After all, you can deliver a lot of value that considers your users’ needs. But if the website or app doesn’t work or is calculating things wrong on the back end, it’s useless. Or you can create a beautiful user interface that garners oohs and ahhs. But, if the navigation is too basic with few options for users to have control of, it may not support business goals like sales.

This is why when you’re building a new website or app, you should include diverse perspectives. Developers who can deliver beautifully complicated and elegant code and maximum usability; customer advocates (in all forms — researchers, account reps, etc.) who can guide early prototypes and the design; users who can validate or reject hypotheses; stakeholders who can influence the business process for the betterment of customers, and more. 

It takes all three fundamentals - usability vs user experience vs UI -  and a truly cross-disciplinary team to deliver delightful user experiences. 

Elevate your digital presence with UX 4SIGHT's exceptional User Experience (UX) services. Our dedicated team is committed to crafting seamless and delightful digital interactions, ensuring that your website or app goes beyond functionality. We specialize in navigating the intricate balance between user experience vs usability, creating designs that not only meet users' immediate needs but also leave a lasting, positive impact. Contact us today!

Frequently Asked Questions (FAQs)

How do usability and user experience relate to each other?

Usability is a key aspect of user experience (UX). While UX encompasses the entire spectrum of a user’s interaction with a product, including usability, accessibility, and emotional response, usability specifically deals with the ease and efficiency with which users can achieve their objectives within the product. Good usability is essential for a positive UX, but UX also considers additional factors such as aesthetics, functionality, and emotional impact.

Can you explain usability vs user experience?

Usability focuses on the effectiveness, efficiency, and satisfaction with which users can achieve their goals in a particular environment. It involves clear navigation, straightforward interactions, and intuitive design. User Experience (UX) includes usability but goes beyond it to encompass the overall feeling and response users have when using a product. UX considers the entire user journey, including usability, design, accessibility, performance, and emotional factors.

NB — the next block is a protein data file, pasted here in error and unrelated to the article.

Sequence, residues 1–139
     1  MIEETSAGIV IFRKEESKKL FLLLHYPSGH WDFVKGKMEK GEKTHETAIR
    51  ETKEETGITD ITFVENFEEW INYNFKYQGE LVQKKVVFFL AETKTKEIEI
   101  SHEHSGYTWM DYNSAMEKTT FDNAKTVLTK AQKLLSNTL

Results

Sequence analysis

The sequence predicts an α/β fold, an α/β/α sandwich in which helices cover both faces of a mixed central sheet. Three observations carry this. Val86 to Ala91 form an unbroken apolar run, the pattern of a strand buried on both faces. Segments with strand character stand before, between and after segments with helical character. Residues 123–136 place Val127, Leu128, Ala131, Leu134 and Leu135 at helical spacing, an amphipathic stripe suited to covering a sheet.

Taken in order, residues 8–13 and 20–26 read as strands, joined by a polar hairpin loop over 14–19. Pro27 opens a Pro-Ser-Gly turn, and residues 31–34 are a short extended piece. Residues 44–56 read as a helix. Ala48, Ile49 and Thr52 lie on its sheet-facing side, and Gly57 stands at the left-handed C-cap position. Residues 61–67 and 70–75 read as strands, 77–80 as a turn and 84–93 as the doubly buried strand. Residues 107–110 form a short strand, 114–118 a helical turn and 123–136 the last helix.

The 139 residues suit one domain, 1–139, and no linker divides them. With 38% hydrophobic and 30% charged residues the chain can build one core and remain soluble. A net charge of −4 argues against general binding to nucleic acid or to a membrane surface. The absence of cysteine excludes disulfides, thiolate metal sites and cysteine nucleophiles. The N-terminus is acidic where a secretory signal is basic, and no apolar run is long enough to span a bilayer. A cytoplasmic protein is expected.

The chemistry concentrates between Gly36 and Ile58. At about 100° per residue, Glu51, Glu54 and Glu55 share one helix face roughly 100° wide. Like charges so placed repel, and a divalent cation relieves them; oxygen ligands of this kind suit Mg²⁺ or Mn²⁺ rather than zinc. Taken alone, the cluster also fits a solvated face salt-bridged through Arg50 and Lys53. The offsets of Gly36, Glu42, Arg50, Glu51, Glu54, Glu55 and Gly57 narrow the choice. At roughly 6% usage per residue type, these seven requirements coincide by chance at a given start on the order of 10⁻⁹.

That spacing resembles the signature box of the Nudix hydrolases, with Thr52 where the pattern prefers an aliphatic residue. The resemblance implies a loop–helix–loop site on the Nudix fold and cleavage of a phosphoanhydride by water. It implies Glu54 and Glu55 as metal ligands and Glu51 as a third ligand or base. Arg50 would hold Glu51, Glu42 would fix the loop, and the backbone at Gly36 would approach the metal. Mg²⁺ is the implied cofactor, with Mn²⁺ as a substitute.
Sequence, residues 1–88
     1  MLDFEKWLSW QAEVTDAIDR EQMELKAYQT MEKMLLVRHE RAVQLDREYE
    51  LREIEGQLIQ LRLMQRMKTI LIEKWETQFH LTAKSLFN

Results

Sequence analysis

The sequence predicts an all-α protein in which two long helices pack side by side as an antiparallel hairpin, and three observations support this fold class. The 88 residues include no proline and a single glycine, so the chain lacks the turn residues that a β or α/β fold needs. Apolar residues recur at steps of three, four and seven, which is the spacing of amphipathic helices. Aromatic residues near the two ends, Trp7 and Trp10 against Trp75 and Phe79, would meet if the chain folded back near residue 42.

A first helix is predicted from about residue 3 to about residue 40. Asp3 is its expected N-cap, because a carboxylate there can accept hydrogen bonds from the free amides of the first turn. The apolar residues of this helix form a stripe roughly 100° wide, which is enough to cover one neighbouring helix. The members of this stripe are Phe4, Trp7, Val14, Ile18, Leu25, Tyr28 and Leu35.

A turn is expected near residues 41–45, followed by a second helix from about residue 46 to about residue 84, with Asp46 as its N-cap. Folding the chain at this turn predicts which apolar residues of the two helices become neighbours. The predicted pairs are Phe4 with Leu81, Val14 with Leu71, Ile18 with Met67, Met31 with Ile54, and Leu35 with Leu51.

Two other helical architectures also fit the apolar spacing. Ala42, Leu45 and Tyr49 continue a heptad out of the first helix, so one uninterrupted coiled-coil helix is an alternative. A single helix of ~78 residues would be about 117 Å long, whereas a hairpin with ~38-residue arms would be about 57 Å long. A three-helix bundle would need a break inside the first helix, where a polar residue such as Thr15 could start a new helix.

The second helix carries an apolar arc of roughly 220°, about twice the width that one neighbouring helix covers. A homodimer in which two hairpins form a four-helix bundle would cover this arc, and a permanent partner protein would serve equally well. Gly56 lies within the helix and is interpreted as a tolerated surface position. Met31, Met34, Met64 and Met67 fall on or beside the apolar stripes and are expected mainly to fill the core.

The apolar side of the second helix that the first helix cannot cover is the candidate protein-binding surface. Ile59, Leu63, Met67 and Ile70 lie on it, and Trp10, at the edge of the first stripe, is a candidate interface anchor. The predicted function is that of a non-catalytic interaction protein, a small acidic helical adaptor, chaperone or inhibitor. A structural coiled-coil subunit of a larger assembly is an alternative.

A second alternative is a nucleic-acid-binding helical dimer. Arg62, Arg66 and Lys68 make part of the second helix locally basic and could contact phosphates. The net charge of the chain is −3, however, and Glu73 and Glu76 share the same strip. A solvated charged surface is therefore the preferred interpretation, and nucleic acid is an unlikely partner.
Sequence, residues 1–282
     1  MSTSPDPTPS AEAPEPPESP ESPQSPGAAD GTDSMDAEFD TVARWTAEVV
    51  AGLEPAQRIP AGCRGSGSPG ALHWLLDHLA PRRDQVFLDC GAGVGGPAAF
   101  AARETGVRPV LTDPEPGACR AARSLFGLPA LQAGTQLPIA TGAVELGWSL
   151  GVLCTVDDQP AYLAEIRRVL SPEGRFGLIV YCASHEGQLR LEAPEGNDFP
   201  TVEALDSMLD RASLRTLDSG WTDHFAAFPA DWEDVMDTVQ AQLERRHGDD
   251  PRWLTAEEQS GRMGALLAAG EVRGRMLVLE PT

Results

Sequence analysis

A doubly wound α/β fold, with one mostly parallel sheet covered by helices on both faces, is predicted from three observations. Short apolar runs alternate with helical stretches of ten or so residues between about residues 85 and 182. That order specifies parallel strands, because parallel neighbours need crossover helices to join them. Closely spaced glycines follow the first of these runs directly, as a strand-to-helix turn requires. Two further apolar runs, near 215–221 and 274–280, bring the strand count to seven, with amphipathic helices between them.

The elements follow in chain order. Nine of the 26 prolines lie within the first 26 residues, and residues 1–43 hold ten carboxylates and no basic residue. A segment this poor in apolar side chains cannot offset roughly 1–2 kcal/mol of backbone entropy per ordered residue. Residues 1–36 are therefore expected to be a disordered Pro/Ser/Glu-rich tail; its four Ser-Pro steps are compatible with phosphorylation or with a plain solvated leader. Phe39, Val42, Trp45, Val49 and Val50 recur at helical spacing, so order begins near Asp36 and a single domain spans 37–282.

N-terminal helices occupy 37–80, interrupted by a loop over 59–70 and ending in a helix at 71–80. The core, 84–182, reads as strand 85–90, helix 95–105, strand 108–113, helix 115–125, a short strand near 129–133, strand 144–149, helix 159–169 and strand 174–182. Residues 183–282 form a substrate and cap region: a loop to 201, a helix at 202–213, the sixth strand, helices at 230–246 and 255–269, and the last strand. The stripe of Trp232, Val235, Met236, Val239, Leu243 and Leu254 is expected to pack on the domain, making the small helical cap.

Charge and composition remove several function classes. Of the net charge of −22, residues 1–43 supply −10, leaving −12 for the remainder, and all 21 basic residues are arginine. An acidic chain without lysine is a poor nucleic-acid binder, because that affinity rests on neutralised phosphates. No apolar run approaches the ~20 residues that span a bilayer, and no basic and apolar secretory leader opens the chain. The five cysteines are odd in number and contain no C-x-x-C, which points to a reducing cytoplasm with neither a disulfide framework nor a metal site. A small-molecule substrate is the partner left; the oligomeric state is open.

What is usability in UX design?

In UX design, usability refers to the ease with which a user can navigate and interact with a product to achieve their goals. It involves several key principles:

  • Learnability: How easy it is for users to accomplish basic tasks the first time they encounter the design.
  • Efficiency: How quickly users can perform tasks after learning the design.
  • Memorability: How easily users can re-establish proficiency after a period of not using the design.
  • Error Handling: How many errors users make, the severity of these errors, and how easily they can recover from them.
  • Satisfaction: How pleasant the design is to use.

How does usability impact user experience?

Usability has a significant impact on user experience. If a product is difficult to use, frustrating, or inefficient, it can lead to a negative user experience. Conversely, a product that is easy to navigate, intuitive, and efficient enhances the overall user experience, making users more likely to continue using the product and recommend it to others.

How to Deliver a Better Product in Terms of Usability and User Experience?

To deliver a superior product in terms of usability and user experience:

Understand Your Users: Conduct user research and create detailed user personas to tailor the product to specific needs.

Focus on User-Centered Design: Prioritize user needs and use an iterative design process with regular testing and feedback.

Ensure Design Consistency: Maintain consistent design elements and follow established design standards for a familiar user experience.

Implement Accessibility Features: Design for accessibility, ensuring the product is usable by all, including those with disabilities.

Gather and Act on User Feedback: Collect continuous feedback and incorporate it into the development process for continuous improvement.

Conduct Usability Testing: Regularly perform usability tests with real users and iterate based on the results to enhance usability and UX.

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Abdul Suleiman
Abdul SuleimanChief Experience Officer
Abdul Suleiman

Abdul has helped over 40 Fortune 500 companies make informed user-centered design decisions through evidence-based user research and UX best practices. As an Adjunct Professor, Abdul has taught in DePaul University’s graduate UX programs and for nine other universities.